While I have the highest regard for The Big Trunk over at Power Line, I think he may have inadvertently understated the importance of George Washington's letter to the Jewish congregation in Rhode Island in 1790.
The Trunk speaks of the letter as being "one of the classic statements of religious toleration in America," but "toleration" is really the wrong word, as GW himself explained. As I pointed out my first-ever post at this blog, Jew in America, Washington's letter rejected the notion of "toleration" in favor of full citizenship:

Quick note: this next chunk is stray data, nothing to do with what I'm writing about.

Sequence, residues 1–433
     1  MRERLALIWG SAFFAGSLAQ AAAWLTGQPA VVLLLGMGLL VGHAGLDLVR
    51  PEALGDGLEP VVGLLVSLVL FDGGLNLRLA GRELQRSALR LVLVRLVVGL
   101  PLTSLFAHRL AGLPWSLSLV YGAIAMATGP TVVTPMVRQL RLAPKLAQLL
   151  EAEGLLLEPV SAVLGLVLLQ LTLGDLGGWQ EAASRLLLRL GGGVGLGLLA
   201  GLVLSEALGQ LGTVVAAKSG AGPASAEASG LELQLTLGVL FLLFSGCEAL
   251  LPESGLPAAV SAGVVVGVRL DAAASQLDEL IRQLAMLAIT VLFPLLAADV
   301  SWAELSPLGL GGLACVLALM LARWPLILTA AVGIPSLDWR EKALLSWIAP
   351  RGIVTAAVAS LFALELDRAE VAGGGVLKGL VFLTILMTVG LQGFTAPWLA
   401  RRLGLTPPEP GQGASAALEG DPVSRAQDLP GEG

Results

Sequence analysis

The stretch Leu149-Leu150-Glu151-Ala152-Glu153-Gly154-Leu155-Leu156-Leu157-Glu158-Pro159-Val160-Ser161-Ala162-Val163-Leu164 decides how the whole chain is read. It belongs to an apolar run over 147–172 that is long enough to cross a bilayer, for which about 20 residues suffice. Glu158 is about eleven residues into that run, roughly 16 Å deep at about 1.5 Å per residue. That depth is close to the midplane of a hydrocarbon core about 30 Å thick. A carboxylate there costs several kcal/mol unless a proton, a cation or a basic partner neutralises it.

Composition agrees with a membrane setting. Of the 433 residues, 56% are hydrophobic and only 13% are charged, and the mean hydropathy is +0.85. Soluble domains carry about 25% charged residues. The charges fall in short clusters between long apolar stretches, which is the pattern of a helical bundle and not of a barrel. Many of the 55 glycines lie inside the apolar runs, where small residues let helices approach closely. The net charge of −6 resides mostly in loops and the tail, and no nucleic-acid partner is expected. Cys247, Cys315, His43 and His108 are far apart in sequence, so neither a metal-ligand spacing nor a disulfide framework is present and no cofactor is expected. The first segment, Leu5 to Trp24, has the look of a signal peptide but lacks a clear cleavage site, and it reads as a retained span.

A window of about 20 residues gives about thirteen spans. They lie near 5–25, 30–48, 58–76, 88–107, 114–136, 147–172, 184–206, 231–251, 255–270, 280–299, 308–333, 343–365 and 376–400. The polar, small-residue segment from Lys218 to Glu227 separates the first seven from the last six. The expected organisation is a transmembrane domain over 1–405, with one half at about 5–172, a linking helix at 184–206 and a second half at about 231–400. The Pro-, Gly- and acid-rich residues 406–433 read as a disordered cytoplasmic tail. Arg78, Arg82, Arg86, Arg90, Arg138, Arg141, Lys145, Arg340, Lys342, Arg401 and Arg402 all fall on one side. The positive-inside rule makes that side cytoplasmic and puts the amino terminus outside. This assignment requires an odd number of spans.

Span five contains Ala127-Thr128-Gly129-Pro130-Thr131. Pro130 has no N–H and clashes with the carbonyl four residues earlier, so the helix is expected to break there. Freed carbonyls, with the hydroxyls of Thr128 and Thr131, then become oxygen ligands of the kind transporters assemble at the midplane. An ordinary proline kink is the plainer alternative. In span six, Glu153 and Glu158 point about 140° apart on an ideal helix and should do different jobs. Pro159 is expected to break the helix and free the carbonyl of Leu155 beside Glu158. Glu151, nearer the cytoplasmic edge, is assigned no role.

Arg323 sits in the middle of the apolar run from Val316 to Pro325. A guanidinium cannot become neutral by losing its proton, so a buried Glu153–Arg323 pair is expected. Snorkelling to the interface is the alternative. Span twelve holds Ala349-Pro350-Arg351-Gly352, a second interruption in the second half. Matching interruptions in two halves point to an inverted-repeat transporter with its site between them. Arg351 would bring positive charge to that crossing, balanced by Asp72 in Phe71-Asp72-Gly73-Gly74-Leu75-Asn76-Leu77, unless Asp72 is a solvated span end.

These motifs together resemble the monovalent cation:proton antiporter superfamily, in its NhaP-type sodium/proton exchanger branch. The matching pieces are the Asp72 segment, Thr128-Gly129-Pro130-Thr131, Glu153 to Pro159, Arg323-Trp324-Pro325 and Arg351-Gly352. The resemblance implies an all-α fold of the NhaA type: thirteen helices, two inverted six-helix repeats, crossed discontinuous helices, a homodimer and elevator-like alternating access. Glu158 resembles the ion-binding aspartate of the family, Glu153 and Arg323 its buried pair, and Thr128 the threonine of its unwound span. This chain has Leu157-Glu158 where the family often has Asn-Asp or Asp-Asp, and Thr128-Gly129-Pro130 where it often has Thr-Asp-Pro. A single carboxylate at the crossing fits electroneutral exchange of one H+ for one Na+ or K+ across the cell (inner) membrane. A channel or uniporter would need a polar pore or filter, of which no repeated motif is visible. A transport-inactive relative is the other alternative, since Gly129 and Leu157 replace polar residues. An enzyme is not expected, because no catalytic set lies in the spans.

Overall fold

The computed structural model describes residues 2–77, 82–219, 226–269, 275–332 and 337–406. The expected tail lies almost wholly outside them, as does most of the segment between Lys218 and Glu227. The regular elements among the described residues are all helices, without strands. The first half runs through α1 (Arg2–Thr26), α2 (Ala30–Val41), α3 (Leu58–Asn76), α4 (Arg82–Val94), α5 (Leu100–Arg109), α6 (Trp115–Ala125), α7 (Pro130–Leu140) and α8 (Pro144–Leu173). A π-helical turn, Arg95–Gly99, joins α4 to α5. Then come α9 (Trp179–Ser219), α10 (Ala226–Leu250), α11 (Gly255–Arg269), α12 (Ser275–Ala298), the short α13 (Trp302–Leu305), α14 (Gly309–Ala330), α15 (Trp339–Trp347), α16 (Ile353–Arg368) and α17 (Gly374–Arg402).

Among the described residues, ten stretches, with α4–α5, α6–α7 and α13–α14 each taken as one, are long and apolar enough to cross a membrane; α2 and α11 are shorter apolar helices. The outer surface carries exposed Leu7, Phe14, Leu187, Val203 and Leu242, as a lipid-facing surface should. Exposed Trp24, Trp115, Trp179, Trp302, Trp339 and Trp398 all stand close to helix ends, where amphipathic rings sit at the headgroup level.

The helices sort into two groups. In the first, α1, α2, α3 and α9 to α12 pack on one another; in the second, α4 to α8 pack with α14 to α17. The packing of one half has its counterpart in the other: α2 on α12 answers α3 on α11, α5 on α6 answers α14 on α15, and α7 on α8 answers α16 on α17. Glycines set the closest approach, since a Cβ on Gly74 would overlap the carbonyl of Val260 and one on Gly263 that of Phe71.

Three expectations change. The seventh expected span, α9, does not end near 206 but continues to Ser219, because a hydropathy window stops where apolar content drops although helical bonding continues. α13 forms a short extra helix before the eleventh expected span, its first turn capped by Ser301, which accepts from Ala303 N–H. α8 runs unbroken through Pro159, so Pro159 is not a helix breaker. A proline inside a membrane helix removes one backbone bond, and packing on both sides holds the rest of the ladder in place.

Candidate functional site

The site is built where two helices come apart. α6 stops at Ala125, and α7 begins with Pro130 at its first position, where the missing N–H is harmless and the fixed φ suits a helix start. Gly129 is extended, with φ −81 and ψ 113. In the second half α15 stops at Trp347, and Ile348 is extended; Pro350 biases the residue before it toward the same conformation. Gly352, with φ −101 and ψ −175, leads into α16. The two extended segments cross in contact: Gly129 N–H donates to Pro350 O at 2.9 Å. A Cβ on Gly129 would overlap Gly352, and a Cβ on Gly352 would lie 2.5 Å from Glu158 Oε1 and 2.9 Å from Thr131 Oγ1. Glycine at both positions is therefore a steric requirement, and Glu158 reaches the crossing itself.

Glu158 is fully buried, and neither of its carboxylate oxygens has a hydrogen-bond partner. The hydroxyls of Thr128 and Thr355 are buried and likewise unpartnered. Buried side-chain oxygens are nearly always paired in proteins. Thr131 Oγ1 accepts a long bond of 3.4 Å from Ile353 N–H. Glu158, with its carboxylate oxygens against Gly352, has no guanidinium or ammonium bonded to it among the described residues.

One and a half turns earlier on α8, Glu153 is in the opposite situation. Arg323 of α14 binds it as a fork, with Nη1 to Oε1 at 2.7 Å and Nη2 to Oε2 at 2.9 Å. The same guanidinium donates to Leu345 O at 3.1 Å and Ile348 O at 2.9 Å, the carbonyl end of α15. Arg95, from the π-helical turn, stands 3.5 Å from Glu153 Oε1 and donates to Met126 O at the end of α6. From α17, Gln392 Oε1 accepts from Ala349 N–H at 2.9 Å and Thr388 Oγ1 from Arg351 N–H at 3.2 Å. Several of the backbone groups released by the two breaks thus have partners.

All possess alike liberty of conscience and immunities of citizenship. It is now no more that toleration is spoken of, as if it was by the indulgence of one class of people, that another enjoyed the exercise of their inherent natural rights. For happily the Government of the United States, which gives to bigotry no sanction, to persecution no assistance requires only that they who live under its protection should demean themselves as good citizens, in giving it on all occasions their effectual support.For Jews, who, during the best of historical times, were tolerated by the local rulers, one simply cannot emphasize too greatly how important this concept of citizenship really is.